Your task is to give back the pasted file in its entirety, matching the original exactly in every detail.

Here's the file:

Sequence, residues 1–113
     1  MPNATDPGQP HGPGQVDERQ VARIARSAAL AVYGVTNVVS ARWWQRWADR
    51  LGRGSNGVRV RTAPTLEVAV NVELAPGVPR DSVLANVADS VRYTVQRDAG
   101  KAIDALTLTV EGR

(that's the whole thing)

Sequence, residues 1–113
     1  MPNATDPGQP HGPGQVDERQ VARIARSAAL AVYGVTNVVS ARWWQRWADR
    51  LGRGSNGVRV RTAPTLEVAV NVELAPGVPR DSVLANVADS VRYTVQRDAG
   101  KAIDALTLTV EGR